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Street lights in Orchard Park are lit up night and day

Few things fire up people who believe in the judicious use of electricity more than street lights that never shut off.

Nights are a lot longer than days at this time of year, leaving those of us who are sensitive to the reduced sunlight feeling bummed out and weary of the relentless overcast gloom.

It means the overhead lights that illuminate the city are on a lot more than they’re off, and consuming significantly more power than in June, when the sun doesn’t set until 9 p.m.

So it’s no surprise that when street lights are blazing merrily all day, some people start to wonder why they don’t shut down when the sun comes up, and see it as wasteful.

Kevin McCurley sent us a note with good news about a transit “ghost shelter” at Queen St. and Kingston Rd. that was removed because nobody ever waited for a bus in it. We’ll be reporting later this week on our efforts to get the city to move ghost shelters to TTC stops where they’ll better serve the needs of riders.

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But McCurley also asked if “perhaps you could find out why the street lights are on in Orchard Park all day,” adding that he first noticed they were on a couple weeks ago.

We counted nine lights in the park, on the south side of Dundas St. E., just west of Kingston Rd., along the paths and around the playground equipment and ice rink, all of which were on at 4 p.m.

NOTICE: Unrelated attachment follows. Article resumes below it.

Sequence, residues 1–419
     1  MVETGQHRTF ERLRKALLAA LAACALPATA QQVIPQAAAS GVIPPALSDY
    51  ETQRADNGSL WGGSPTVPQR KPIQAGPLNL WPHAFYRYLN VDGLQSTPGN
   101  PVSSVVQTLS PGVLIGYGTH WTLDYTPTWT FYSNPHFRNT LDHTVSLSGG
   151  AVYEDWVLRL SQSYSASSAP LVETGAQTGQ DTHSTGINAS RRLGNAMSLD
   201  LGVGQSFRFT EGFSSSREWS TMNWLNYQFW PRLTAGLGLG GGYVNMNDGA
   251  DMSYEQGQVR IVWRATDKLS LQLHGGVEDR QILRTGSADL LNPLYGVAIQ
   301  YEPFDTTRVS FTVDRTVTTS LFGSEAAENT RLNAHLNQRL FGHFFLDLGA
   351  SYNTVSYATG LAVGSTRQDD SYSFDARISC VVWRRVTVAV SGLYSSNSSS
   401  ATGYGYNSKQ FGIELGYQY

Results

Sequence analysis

The lights are connected by underground wiring and switched on and off by a sensor that detects natural light.

STATUS: Peter White, the local parks supervisor, emailed to say a crew checked it out Monday and found the sensor was malfunctioning. It has since been replaced and the lights are working as they should, White said.

UPDATE: On Jan. 18 we reported on an enormous pile of illegally dumped garbage on Torbarrie Rd., near a development site for new housing. A city spokesperson emailed to say the garbage was cleaned up a few days after our column, adding that “City staff have been monitoring the site and are working with the property owner to explore options to prevent/discourage further illegal dumping in this area.”

What’s broken in your neighbourhood? Wherever you are in Greater Toronto, we want to know. Send an email to jlakey@thestar.ca. Report problems and follow us on Twitter @TOStarFixer.